Board approves first ethnic studies course
The State Board of Education voted on April 13 to take steps to approve Texas Essential Knowledge and Skills (TEKS) for an ethnic studies course focused on Americans of Mexican descent and to use a course originated by the Houston Independent School District as the basis for the standards.
This action will lead to the development of the first state standards for a high-school level ethnic studies course in Texas.
The specific standards will be presented for a preliminary vote at the board’s next meeting in June, with final approval expected in September. The course now called Ethnic Studies: An Overview of Americans of Mexican Descent rather than Mexican American Studies would become available for use in Texas classrooms in the 2019-2020 school year.
SBOE Chair Donna Bahorich said, “It is my sincere hope, and I believe I’m speaking for the entire board, that by encouraging the study of this beautiful and strong branch of our American family in a deeper way, we will engage and connect more of our Mexican American students in a way that is important for the future of the country.”
“America is and always has been a land of dreams and hopes where everyone has a vital part to play, where we can be both proud of our own story, culture and heritage and yet hold close to our hearts what it means to be deeply proud Americans” she said.
The board agreed to create a Mexican American Studies course in 2014 and placed it on a list for new course development. Most of the new courses placed ahead of it, such as courses on cybersecurity and proper interaction with police officers, were mandated by the Texas Legislature.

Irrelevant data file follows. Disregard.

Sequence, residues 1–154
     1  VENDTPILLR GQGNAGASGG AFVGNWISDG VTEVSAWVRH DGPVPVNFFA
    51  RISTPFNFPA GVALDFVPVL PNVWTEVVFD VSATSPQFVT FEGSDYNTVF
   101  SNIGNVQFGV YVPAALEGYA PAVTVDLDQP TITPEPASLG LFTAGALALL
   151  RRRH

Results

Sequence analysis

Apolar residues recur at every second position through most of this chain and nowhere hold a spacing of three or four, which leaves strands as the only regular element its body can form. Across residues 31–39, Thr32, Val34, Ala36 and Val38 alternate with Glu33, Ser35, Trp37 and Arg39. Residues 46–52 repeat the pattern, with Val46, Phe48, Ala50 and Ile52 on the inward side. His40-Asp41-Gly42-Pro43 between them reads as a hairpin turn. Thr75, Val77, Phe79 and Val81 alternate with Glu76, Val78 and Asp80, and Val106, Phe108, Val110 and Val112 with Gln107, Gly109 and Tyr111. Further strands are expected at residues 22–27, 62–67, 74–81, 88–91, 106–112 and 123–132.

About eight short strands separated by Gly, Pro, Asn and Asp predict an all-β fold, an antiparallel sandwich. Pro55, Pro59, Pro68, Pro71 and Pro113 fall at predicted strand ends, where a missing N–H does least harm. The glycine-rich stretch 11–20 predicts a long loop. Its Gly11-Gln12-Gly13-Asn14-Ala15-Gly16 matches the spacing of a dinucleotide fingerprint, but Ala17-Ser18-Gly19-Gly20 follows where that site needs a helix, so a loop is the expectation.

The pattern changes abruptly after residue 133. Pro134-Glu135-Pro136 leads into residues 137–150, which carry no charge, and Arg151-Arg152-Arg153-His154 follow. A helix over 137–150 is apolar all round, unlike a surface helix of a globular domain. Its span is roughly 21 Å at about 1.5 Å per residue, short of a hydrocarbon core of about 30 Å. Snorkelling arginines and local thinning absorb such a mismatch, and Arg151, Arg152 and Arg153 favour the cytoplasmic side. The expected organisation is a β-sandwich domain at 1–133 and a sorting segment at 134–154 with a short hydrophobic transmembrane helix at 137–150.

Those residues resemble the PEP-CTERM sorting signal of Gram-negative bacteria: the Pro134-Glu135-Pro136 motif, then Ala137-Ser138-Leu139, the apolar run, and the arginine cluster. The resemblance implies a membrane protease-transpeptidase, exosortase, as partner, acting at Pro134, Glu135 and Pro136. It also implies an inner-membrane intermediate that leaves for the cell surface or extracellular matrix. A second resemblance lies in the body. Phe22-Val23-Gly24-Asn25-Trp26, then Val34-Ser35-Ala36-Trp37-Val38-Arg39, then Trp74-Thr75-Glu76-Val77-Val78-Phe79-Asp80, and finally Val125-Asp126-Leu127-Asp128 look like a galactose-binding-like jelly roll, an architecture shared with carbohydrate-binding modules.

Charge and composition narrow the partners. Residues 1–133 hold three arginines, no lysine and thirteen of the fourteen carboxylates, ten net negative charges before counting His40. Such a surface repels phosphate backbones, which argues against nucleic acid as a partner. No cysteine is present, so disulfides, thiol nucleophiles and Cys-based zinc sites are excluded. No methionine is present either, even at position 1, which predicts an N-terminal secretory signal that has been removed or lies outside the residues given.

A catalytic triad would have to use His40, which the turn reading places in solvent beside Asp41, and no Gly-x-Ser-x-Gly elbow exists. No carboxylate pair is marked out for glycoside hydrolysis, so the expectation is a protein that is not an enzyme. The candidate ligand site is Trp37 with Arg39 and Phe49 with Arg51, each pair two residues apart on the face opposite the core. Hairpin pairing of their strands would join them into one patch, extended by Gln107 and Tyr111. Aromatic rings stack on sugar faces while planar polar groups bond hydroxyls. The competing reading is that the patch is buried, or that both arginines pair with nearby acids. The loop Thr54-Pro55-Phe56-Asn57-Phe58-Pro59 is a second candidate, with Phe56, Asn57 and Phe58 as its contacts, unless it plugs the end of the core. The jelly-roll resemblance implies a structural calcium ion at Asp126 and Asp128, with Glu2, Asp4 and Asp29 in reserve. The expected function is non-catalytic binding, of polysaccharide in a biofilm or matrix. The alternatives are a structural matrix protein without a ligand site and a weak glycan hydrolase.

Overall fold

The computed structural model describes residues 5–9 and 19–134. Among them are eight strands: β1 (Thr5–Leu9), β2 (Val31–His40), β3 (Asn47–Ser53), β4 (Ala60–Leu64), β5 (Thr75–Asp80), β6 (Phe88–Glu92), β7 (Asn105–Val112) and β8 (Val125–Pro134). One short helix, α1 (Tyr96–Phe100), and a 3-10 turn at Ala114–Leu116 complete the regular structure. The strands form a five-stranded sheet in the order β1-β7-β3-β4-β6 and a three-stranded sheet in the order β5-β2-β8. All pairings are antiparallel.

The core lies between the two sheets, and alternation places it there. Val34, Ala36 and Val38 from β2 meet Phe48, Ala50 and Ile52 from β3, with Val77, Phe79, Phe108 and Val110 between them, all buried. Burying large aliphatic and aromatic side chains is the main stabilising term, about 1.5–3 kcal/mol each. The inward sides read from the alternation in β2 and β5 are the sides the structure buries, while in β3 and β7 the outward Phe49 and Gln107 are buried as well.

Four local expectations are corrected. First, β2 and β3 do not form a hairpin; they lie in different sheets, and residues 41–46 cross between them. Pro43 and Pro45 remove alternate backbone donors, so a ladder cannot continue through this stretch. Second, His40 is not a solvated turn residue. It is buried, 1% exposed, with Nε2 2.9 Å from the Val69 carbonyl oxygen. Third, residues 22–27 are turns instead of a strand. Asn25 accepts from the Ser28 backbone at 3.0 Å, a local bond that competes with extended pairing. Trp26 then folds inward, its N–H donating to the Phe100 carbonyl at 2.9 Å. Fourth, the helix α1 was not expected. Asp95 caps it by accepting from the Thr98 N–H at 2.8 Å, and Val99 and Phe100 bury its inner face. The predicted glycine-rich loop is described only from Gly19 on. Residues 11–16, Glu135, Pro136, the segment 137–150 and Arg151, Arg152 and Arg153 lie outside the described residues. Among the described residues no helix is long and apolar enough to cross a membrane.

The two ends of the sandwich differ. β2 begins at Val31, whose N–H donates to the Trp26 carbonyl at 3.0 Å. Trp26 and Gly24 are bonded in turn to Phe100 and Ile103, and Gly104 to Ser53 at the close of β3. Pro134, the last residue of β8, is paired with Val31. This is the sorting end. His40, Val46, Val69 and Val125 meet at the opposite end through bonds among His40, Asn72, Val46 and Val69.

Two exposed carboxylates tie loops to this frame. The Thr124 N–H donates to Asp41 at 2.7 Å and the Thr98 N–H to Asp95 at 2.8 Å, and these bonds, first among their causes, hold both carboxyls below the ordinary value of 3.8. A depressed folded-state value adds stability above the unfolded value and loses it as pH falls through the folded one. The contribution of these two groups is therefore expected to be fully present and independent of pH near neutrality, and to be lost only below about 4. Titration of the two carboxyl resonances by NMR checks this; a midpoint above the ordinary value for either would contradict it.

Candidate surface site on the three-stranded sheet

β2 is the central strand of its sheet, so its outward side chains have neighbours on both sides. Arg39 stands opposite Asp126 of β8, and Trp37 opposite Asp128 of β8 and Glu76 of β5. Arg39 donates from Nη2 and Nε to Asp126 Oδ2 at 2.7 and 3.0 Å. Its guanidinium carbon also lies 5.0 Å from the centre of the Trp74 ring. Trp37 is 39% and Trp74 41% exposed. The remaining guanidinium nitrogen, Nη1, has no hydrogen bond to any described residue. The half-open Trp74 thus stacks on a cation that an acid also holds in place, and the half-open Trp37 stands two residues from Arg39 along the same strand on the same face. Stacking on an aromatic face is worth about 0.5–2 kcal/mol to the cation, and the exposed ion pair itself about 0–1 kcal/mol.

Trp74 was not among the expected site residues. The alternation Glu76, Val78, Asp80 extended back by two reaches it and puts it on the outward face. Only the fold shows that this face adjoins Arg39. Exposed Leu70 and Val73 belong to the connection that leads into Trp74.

Some school districts and charters are already teaching a Mexican American Studies course using an approved innovative course submitted by Houston ISD. This course, with only the course title changed by the SBOE, will be the starting point for the state standards. Other educators teach a similar class under broader state course titles such as Special Topics in Social Studies or Independent Study in English.
But teachers who testified before the board said that they have had to piece together the curriculum for these courses. Having state-approved TEKS will make it easier for teachers to teach the course and to share materials, they said.
The board also instructed Texas Education Agency staff to bring to the board for consideration any future comprehensive ethnic studies courses in Native-American Studies, Latino Studies, African-American Studies or Asian-Pacific Islander Studies that have been approved through the commissioner of education’s innovative course process.